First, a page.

Share With Women
Article first published online: 24 DEC 2010
2010 American College of Nurse Midwives
Journal of Midwifery & Womens Health
Volume 55, Issue 4, pages 395–396, July-August 2010
How to Cite
(2010), Share With Women. Journal of Midwifery & Womens Health, 55: 395–396. doi: 10.1016/j.jmwh.2010.03.008
- Issue published online: 24 DEC 2010
- Article first published online: 24 DEC 2010
SEXUAL HEALTH AND SEXUAL DYSFUNCTION
What Is Sexuality?
Sexuality is a complicated part of each of us that includes physical and psychological expressions of pleasure and intimacy. Culture, religious beliefs, and family traditions all affect who we are sexually. Sexuality may change with age, experience, and health conditions. When a person is ill, the physical changes caused by illness can change sexual functioning.
What Is Sexual Health?
Sexual health is achieving sexual satisfaction however is most comfortable for you.
What Is Sexual Dysfunction?
There are four types of female sexual dysfunction (problems):
- 1)Decreased sexual desire/interest
- 2)Arousal disorder, which means trouble feeling like you want to have sex
- 3)Dyspareunia, which means sex is painful
- 4)Difficulty or inability to have orgasm
In addition to having one or more of these four problems, the problem has to be concerning to you.
What Causes Sexual Dysfunction?
There are many causes of sexual dysfunction, including those in this table.
Common Causes of Sexual Dysfunction
|Arthritis||Surgery||History of Sexual Abuse|
|Cancer||Radiation Therapy||Gender Identity Conflicts|
|Fatigue||Heart, Lung, Liver, Kidney, or Thyroid Disease||Medications*|
|Alcohol or Drug Abuse||Depression|
When Should I Seek Medical Attention?
If you have any of the following concerns, talk to your health care provider:
• Less interested in sex
• Pain with sex
• Difficulty having orgasm
• Feelings of depression
• Your partner is hurting you
What Can I Do if I Think I Have Sexual Dysfunction?
Talk about any sexual concerns that you have with your health care provider. There are many possible reasons for sexual dysfunctions, and your provider can help find out the cause and suggest treatment. Here are some suggestions for specific sexual dysfunctions:
If you have less sexual desire than you want
• Try changing your “normal” routine. For example, you could use different positions, toys, more foreplay, or change the time of the day that you have sex.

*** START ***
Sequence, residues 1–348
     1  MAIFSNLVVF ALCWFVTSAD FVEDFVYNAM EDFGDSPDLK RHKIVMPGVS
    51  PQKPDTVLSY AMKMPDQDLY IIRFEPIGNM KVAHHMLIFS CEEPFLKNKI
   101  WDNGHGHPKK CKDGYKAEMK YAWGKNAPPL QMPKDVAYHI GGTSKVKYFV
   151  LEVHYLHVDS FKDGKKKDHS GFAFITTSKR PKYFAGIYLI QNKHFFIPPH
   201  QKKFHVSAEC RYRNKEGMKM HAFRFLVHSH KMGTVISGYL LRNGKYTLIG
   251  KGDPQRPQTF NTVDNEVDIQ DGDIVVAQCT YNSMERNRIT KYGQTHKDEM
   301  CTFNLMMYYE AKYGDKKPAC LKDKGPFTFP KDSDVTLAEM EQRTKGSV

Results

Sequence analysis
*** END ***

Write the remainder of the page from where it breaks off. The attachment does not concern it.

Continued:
If painful penetration (when the penis is put in the vagina) is the problem
• Sometimes vaginal lubricants can help solve painful penetration. You can get these at the drugstore without a prescription.
• Try different positions (being on top provides women more control).
• Increase lubrication (wetness) through more foreplay and waiting until you are more aroused before penetration.
If you are having difficulty achieving orgasm
• Use more foreplay and communication with your partner.
• Many women do not have orgasm with penetration alone; try gentle clitoral stimulation or masturbation.
FOR MORE INFORMATION
• Sex and a Healthier You; www.sexandahealthieryou.orgsex-healthindex.html
• Multidisciplinary Approach to the Treatment of Sexual Pain, Dyspareunia, Vulvodynia, and Pelvic Pain: Pelvic Pain and Painful Sex; www.sexwithoutpain.com
• National Vulvodynia Association (NVA); www.nva.org
• PDQ Series on Sexuality and Reproductive Issues for people with cancer from the National Cancer Institute; www.cancer.govcancertopicspdqsupportivecaresexualityPatientpage1
• American Cancer Society Web site - Sexuality for the Woman with Cancer; www.cancer.orgdocrootMITMIT_7_1x_SexualityforWomenandTheirPartners.asp
This page may be reproduced for noncommercial use by health care professionals to share with clients. Any other reproduction is subject to JMWH approval. The information and recommendations appearing on this page are appropriate in most instances, but they are not a substitute for medical diagnosis. For specific information concerning your personal medical condition, JMWH suggests that you consult your health care provider.